May 27, 2014
Unlike some other dungeon RPGs, battles are random encounters outside of rarer static encounters that are clearly marked on the map. You can avoid some of the random encounters via items and spells, but that only lasts so long and you’ll end up needing the experience anyway in the later dungeons. Thankfully the developers didn’t go crazy with the encounter rate, so if you liked the pacing in games such as Atlus’ Etrian Odyssey series you’ll find the same here.
In battles you can have up to five different characters make up your party, ranging from the generic healers and mages to more exotic classes like the defensive Paladin and the all-out attacking Samurai. Each character has a unique battle sprite, sex and voice that can be picked out when creating them with a plethora of different options to choose from so you’ll likely find a combination you prefer unlike some other more limiting dungeon RPGs. Picking the right party combination is extremely important, though, as bosses hit hard and fast. At times you may even end up having multiple members wiped out initially from turn 1, requiring classes such as the defensive variety to protect the party until you can fully regroup. It sounds sadistic, yes, but once you beat that boss it makes victory that much sweeter.
Tying into the game’s namesake you take the role of a “Demon Gazer”, a person who has the ability to capture the souls of demons and use their power in battle. Each demon obtained in the game has their own unique active and passive abilities. Some are more passive allowing you to see objects on the map, while others are more active letting you deal elemental-based damage to enemies. There’s eight demons in total as your goal in the game is to capture all eight of them to protect the realm and the inn in which you reside.
Of course it would be too easy to abuse this power without some restrictions so there’s a “demon gauge” that slowly depletes during a battle. Once the gauge hits zero the demon starts to attack the party as you lose all control over it. It’s a unique system to say the least, but it isn’t an end-all to your issues as you’ll still need to grind for experience to make it out of the dungeons alive.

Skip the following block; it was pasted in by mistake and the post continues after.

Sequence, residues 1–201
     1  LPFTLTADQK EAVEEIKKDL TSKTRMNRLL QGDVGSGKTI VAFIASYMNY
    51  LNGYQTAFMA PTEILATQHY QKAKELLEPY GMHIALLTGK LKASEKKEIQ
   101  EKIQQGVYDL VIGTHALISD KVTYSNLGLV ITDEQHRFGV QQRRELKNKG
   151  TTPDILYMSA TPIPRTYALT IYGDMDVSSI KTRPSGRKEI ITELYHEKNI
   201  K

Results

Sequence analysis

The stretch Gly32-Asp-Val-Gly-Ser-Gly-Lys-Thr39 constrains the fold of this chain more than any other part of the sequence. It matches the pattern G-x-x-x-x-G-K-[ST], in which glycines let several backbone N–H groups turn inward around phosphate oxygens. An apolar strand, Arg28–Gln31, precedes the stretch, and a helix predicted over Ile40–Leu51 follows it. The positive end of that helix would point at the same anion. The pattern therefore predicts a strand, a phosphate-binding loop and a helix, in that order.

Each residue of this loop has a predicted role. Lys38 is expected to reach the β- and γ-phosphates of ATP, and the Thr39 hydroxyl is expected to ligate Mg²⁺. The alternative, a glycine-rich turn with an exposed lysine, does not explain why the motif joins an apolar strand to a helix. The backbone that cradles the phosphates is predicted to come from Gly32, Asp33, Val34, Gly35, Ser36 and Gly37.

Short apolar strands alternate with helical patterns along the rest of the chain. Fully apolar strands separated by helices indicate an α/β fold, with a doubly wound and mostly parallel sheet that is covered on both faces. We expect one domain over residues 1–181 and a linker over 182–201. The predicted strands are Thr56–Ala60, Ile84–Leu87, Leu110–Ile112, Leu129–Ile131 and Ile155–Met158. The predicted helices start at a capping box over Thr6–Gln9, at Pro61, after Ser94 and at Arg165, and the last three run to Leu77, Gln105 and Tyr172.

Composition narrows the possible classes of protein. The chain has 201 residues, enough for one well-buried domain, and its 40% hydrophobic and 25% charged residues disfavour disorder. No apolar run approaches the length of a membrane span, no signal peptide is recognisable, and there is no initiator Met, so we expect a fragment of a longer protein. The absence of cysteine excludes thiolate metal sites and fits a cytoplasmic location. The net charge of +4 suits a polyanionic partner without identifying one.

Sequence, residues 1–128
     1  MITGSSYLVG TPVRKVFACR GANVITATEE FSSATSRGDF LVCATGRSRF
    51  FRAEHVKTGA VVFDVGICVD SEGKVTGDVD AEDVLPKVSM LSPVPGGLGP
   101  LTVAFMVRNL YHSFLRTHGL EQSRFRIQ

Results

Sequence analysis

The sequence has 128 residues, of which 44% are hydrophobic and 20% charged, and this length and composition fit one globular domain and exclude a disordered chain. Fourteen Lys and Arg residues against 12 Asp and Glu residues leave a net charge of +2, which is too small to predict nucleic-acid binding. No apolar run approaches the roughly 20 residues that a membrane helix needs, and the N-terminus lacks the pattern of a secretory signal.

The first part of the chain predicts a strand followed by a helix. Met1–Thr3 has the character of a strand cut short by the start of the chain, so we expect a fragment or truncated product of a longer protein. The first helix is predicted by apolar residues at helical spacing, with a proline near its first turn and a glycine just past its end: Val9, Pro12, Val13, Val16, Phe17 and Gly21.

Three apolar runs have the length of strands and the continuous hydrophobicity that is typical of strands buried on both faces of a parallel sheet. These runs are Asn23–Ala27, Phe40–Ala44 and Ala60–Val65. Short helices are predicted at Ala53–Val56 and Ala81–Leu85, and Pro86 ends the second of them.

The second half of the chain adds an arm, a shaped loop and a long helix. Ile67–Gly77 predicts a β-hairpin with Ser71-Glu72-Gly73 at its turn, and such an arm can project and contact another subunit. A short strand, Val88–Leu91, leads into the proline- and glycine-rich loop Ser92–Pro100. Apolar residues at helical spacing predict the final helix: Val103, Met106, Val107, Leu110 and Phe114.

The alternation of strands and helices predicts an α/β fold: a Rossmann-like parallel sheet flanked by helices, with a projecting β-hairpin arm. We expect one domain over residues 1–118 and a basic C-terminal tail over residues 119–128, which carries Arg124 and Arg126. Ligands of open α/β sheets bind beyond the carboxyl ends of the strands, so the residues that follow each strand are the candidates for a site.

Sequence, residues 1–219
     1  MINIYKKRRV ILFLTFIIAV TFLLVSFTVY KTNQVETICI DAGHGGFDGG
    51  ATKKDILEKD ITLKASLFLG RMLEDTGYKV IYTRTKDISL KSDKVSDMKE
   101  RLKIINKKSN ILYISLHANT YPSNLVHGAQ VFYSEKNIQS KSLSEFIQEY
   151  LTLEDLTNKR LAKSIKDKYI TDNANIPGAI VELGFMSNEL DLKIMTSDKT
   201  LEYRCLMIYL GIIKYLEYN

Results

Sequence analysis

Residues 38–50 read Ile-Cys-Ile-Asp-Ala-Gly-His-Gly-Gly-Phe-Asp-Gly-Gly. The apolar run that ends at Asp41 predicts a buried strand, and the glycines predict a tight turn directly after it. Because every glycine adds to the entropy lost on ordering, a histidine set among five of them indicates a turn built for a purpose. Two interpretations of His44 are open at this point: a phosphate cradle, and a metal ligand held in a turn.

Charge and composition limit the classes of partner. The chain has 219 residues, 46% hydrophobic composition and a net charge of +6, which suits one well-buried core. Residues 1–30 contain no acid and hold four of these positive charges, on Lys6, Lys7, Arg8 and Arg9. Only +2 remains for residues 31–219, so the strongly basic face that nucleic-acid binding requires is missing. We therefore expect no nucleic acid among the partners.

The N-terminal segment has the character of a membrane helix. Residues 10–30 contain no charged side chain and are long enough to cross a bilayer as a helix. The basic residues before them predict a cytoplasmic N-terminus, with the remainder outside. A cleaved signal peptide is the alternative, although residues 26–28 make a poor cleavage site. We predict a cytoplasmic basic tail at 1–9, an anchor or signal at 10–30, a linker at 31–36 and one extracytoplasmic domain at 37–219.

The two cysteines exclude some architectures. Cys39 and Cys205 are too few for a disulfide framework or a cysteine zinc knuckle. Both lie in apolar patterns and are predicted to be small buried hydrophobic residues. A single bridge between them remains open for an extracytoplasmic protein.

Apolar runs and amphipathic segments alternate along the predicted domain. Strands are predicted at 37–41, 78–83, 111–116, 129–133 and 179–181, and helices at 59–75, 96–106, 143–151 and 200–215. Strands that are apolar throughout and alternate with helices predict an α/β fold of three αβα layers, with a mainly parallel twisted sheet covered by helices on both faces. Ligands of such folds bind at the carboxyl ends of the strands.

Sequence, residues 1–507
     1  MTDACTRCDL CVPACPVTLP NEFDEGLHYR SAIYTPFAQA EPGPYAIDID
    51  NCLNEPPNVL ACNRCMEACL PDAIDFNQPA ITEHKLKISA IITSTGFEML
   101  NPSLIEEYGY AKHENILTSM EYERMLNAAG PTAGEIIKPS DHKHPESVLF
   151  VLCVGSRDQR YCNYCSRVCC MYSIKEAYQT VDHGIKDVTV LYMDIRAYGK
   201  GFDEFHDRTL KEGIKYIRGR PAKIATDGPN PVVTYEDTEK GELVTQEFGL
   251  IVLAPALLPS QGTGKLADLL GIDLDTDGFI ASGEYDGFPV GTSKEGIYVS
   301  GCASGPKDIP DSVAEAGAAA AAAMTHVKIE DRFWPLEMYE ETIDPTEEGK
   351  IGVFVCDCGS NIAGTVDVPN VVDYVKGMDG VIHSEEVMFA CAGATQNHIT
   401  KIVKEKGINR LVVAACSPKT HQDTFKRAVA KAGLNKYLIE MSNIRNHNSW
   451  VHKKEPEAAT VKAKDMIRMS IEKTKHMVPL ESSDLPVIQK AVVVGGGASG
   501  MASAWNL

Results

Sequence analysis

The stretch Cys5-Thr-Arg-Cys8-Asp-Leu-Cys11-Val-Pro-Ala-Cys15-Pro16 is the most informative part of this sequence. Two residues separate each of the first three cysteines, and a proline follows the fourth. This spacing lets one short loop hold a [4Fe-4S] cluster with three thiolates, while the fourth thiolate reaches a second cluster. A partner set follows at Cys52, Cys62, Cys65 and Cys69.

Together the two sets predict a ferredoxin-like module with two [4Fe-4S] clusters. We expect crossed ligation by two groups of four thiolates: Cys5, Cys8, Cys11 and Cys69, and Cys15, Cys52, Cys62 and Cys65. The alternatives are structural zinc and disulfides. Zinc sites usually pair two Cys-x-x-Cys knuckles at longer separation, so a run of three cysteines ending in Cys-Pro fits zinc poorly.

The inn in particular is where some of the old-school tendencies of the genre rear their head. Each and every time you return from a dungeon the innkeeper will ask for rent, which increases depending on your party size. Because of this mechanic, it becomes paramount to strategize your trips inside the dungeons as you need to stay alive and have enough resources to pay for your return entry fee.
This sounds almost sadistic in a way, to be sure, but Demon Gaze does a great job at making you feel like you’ve progressed as you gain new levels, equip new items and put more points into your character’s stats almost immediately after doing so. It makes the grinding process a lot more visible to the player in a simple but effective manner.
That said, the dungeons aren’t anywhere near being a cakewalk even with grinding. Unlike games like the Etrian Odyssey series the auto-map only fills in the basic paths, doors, enemies and traps with the player having to remember the more exotic locales on the map, which becomes a noticeable issue later on in the game’s latter dungeons. The developers did try to get around this somewhat as there’s a Demon’s Souls-like note system that other players can leave on the map, although in practice most of the notes are useless as there’s no way to filter out the obvious joke/troll notes from the real ones. It’s a neat touch that would be an even better idea with some tweaking in a possible sequel.
Graphically and musically the game is a mixed bag. The 2D artwork is a real treat for the eyes due to the characters and environments being highly detailed, but there’s a lack of voice overs and character animation during cutscenes that you would expect from the artwork. The music is alright but if you hate Vocaloid-style singers you won’t enjoy the soundtrack.
Demon Gaze feels much more budget-like than its competition as it feels cheaply made at times, but it does have a unique set of mechanics that help it rise above some of the forgotten games in the genre. It’s rough around the edges, but despite this, fans of the genre will still find elements to enjoy, as well as a few more that they might not be used to.
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